“Beware! Beware! He comes! Feel the ground tremble at his approach. Hear the echoes of his ragged breathing. Can you feel the intensity rise within the very fabric of the air? He’s here! He’s here! All to attention, he’s here! Let us honor our most distinguished warrior!” I roared while running and jumping amidst the obstacles of the locker room. Ted seemed to transform into a cherry. For our college’s best full-back he was very shy and too humble. As I rustled my way across the sweat-gripped jungle I laughed and slapped the bare backs of our compatriots. A landslide of playboys from Aaron’s locker was nearly the death of me, but I dodged and trudged until my arm was around Ted’s shoulders. “A fine night, eh, Teddy? You were like the INS out there, tonight, except far more terrifying! What!” The room filled with laughter and I turned to catch a high five. I gave Ted his nickname Teddy because he was more like to hug someone than to throttle them. Yet, when he was on the field it was like he changed from a plush stuffed animal to a growling grizzly. He was literally the full-back to my running-back. He was my personal bodyguard on the field, and my brother off of it. His timidity off the field, however, was so stark compared to his on-field personality that I was his bodyguard.
“Thanks, Reggie. You did great, too,” Ted said with his usual modesty.
I squeezed and released his shoulders, then howled. The locker room filled with the enthusiastic cries befitting our team. “We are the Wolves! Beasts of Warwick! Arrooow!” We beat our chests and celebrated. As the rest of the guys showered, Ted and I changed and prepared to leave. He was very shy about the public showering aspect. Some of the guys whispered rumors that he was ashamed of his manhood, but a football racing along the triple digits towards their mouths is a very persuasive viewpoint that quickly changes their opinions.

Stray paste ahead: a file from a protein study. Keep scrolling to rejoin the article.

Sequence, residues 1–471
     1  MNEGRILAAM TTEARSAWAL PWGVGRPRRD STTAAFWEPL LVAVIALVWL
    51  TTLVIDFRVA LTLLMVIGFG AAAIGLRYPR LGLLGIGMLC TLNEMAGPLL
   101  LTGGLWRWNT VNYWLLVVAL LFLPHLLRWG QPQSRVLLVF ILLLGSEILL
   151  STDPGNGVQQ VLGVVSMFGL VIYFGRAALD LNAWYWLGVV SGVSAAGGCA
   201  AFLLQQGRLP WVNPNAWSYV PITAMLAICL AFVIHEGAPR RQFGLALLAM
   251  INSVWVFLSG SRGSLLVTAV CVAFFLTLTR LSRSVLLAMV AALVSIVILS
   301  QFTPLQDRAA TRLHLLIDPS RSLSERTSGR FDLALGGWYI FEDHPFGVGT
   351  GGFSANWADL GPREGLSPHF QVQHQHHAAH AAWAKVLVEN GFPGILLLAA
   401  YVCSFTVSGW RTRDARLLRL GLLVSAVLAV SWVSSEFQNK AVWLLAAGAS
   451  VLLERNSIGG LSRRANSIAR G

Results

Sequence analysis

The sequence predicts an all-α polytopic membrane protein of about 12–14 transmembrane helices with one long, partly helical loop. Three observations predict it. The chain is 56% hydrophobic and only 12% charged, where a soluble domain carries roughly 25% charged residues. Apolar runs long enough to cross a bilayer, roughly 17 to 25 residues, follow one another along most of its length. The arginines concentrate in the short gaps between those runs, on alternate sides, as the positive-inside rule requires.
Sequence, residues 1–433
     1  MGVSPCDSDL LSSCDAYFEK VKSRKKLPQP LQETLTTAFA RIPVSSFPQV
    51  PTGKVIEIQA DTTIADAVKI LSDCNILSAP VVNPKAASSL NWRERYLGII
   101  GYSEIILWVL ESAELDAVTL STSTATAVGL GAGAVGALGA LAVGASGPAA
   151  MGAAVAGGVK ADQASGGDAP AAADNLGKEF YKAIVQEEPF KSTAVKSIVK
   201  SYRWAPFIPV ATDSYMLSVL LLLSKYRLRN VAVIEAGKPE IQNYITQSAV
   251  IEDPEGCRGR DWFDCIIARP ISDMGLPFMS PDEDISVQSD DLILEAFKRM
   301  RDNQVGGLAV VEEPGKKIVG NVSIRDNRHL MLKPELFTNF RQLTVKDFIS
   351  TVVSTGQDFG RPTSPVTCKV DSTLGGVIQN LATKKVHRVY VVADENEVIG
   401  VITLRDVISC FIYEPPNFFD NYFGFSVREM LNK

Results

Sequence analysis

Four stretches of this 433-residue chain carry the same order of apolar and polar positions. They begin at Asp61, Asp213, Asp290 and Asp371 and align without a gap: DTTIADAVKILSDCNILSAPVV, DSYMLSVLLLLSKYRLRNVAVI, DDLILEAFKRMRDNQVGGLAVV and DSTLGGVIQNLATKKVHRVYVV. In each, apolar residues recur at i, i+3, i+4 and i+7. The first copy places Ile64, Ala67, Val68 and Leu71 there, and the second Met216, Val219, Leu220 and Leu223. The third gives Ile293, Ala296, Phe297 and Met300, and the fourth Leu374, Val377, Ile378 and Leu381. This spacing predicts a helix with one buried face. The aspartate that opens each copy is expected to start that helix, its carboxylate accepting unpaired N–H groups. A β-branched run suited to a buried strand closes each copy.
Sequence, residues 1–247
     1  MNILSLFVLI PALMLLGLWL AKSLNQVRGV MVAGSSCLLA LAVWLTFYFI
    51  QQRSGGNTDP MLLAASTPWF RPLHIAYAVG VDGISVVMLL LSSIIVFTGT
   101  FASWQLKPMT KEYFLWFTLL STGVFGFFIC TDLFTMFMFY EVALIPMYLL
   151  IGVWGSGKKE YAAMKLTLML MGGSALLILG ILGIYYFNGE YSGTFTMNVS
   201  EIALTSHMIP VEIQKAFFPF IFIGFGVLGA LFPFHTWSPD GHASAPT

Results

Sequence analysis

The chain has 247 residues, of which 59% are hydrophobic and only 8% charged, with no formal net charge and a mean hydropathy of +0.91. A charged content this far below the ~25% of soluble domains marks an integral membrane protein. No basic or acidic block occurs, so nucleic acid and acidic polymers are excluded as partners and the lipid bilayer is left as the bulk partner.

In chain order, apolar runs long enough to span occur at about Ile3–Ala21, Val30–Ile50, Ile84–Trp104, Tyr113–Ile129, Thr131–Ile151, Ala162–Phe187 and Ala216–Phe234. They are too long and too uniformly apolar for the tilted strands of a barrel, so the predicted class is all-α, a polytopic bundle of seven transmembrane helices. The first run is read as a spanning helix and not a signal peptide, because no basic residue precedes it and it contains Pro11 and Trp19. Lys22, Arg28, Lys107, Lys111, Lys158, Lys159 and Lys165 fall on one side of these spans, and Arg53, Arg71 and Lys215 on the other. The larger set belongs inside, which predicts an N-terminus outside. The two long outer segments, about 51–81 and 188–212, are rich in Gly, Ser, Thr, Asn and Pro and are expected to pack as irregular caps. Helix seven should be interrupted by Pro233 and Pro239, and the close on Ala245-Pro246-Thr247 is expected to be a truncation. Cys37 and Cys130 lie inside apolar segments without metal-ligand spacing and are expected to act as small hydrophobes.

We waded through the sea of students and family and drunkards, smiling and receiving congratulations along the way. Some hotties threw their numbers at me and invited me to parties. I flashed my most charming smile and made excuses. I sensed something was wrong with Ted. We took the normal route home, the college being only a few blocks from the street we lived on. We still lived with our parents, despite our age. It was a pretty sweet deal, though, considering the amount of money we’d saved from just one year, Some of our peers thought this as a source of amusement but I could care less. Besides, Ted and I spent more time chilling at each other’s houses that we might as well be roomates. Ted and I have known each other since we were children. He moved to the house on the other side of the street when we were both five years old. We both liked football and lasagna so we became fast friends, although he ate far more lasagna than me. A friendship lasting this long meant we could have conversations for hours.